This week's Official UK Singles Chart

1 IT FEELS SO GOOD (Sonique) 

I just love it when we can start a chart rundown with a genuinely fascinating story. The chart career of Sonique began in the late 1980s when producer Mark Moore invited her to be the new singer with his S-Express project. She sang on two Top 40 hits - Mantra For A State Of Mine and Nothing To Lose. S-Express dissolved in 1992 and Sonique drifted into spinning the discs for herself as one of the few 'name' female club jocks. Her trademark was often to start singing along to the tracks she was playing, an act which led to her picking up the threads of her recording career in 1998 with a deal for some solo records. She charted two singles that year, first a cover of I Put A Spell On You which reached Number 36 in June, followed by a Number 24 hit in December. That record was It Feels So Good. That looked to be it, until late last year a club in Florida began playing the track to a huge crowd response. Radio support followed swiftly and when the track was brought out in the States it duly shot up the Billboard charts, becoming the first British single to reach the US Top 10 since Five's When The Lights Go Out in 1998. Of course, such an opportunity to reactivate the single over here could hardly go wanting, could it? As a result, the re-released track charges straight to the top, denying no less an act as S Club 7 the Number One slot. It is no less than the third re-released single to top the UK charts this year, following swiftly on the heels of Don't Call Me Baby and Toca's Miracle. Is this a sign that good records will always eventually find an audience or a worrying sign that there simply isn't enough good new material to go round?

2 REACH (S Club 7) 

When it comes down to it, S Club 7 are the greatest concept in pop music currently. Seven annoyingly good looking youngsters who star as a wannabe pop group in a TV series which follows them as they attempt to scrape a living as performers in America. In each episode they get into some kind of scrape from which they emerge unscathed, often by way of performing a song. That concept has made Miami 7 and the new series LA 7 the most popular children's shows on TV, not only here but in terms of worldwide sales. It also means there is a ready-made audience for the songs that feature in the show. OK so the Monkees did it first in the 1960s but that hasn't stopped S Club 7 becoming superstars and pinups in their own right and with a string of hits to their name. Bring It All Back topped the chart in June last year and they followed it up with S Club Party and Two In A Million, both of which made Number 2. With the first UK airing of their second series LA 7 drawing to a close it is time to promote the new album of songs from the series. The first single is the bubbly Motown pop of Reach which was widely expected to race to the very top of the charts. Said expectations didn't take Sonique into account and as it turns out S Club 7 have to settle for second place, at the very least retaining their 100% record of Top 2 hits. It was great to read the dotmusic chat session with the band as well, although the fact that only the boys took part was a little annoying as I was just waiting for the chance to propose marriage to Rachel...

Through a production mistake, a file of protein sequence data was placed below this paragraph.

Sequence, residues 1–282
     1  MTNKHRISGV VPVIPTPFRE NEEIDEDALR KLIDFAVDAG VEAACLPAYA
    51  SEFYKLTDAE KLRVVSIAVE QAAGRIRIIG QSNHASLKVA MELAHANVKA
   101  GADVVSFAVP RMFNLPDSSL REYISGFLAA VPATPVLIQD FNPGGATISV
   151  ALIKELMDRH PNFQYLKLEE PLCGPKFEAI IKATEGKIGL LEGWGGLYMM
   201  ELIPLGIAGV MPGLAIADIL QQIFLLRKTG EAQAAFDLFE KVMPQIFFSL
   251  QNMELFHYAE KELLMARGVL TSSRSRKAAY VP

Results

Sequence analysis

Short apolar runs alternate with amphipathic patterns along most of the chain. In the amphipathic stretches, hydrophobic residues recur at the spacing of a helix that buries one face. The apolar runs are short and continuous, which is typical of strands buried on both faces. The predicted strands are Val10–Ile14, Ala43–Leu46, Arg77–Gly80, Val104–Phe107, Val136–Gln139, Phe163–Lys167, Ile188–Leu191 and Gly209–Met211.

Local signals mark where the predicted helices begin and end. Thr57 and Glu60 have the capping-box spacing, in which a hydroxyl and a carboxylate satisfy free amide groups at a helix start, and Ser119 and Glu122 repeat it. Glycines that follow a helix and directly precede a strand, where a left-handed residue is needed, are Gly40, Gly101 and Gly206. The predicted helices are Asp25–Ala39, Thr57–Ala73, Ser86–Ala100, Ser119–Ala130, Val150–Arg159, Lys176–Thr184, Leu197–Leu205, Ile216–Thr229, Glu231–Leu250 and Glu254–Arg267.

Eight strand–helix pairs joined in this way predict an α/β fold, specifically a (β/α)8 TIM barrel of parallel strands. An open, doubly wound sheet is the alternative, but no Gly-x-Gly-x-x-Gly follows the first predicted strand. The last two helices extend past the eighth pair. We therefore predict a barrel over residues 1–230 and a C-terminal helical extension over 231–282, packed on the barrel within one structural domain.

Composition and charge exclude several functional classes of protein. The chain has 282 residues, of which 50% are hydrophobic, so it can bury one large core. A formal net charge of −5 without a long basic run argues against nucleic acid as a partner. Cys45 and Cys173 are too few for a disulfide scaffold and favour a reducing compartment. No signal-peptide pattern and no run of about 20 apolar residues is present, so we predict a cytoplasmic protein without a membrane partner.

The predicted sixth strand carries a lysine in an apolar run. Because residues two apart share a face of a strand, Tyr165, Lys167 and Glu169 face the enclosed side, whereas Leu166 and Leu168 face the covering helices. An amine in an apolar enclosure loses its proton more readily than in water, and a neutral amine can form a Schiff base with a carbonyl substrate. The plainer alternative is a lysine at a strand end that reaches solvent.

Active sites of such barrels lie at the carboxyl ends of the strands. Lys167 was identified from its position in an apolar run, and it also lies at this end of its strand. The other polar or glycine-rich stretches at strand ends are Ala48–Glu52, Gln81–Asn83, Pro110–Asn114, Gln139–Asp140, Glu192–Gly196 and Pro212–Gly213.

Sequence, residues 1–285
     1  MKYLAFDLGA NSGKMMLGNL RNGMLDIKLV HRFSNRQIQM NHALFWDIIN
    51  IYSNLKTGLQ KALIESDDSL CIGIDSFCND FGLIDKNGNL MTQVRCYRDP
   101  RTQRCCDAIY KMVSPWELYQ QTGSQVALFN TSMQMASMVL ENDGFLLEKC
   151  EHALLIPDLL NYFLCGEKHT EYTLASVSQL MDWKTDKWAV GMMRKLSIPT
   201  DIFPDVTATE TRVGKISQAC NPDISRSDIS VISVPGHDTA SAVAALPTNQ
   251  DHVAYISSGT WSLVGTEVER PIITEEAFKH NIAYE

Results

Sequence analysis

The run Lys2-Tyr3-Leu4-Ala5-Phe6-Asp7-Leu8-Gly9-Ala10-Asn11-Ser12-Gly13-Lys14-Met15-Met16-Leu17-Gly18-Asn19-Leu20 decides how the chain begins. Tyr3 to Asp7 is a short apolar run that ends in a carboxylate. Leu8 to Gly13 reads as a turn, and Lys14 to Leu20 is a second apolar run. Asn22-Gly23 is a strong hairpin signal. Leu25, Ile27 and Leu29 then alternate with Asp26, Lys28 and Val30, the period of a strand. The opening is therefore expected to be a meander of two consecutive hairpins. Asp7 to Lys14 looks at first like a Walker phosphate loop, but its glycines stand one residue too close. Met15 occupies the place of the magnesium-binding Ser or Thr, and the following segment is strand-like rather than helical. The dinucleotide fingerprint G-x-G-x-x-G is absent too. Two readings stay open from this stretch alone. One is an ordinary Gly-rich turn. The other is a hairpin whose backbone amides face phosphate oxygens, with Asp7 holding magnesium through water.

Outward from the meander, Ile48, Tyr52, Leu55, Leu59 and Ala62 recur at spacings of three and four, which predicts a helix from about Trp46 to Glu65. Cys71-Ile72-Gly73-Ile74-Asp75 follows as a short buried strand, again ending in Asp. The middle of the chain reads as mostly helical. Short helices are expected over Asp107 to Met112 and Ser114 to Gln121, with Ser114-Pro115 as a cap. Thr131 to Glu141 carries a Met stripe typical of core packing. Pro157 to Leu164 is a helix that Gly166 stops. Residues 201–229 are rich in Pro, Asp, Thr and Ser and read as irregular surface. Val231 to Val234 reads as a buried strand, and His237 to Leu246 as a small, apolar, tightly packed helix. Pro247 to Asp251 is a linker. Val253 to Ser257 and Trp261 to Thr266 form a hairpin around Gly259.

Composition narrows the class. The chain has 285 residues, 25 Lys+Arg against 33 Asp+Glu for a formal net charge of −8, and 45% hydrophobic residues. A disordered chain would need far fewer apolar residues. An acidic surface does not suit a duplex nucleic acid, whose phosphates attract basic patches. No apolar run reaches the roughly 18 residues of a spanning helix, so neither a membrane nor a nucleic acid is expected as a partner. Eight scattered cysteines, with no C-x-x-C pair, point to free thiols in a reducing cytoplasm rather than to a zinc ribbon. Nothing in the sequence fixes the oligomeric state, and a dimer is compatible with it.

3 IT'S MY LIFE (Bon Jovi) 

Funny this. Just two weeks after Iron Maiden made their triumphant chart comeback, yet another veteran rock act returns to the spotlight, albeit at the very other end of the rock credibility scale. One of the original Hair Acts of the mid-1980s, Bon Jovi have survived changing fashions, the attempts of their lead singer to become an actor and various other pitfalls to remain a consistent chart threat. Most of the time this has been done with some subtle acknowledgements of the prevailing musical style, as best witnessed by the way 1992s Keep The Faith was made with one eye on the dancefloor. The first single from their first album for four years shows the same level of commercial savvy as It's My Life is co-written by one Max Martin. Yes that one, the Swedish hitmaker whose production stamp is all over the likes of 'NSync and Britney Spears and who is effectively the defining sound of American pop music at present. Consequently the single sounds like a combination of the Backstreet Boys' Larger Than Life (which let's face it was always a rock single waiting to happen) and bizarrely Bon Jovi's own Living On A Prayer, the latter thanks to the celebrated return of the talk box. With that kind of pedigree how could it miss? The single not only beats the Number 21 peak of last year's one-off soundtrack single Real Life but also pretty much anything else the band have released in the last half a decade. This Number 3 placing duly gives them their 11th Top 10 single and the second biggest hit of their career, just one place behind the Number 2 peak of Always from 1994. Be honest, if someone had told you at Christmas that Bon Jovi would have a Top 3 single by the summer, would you have believed them?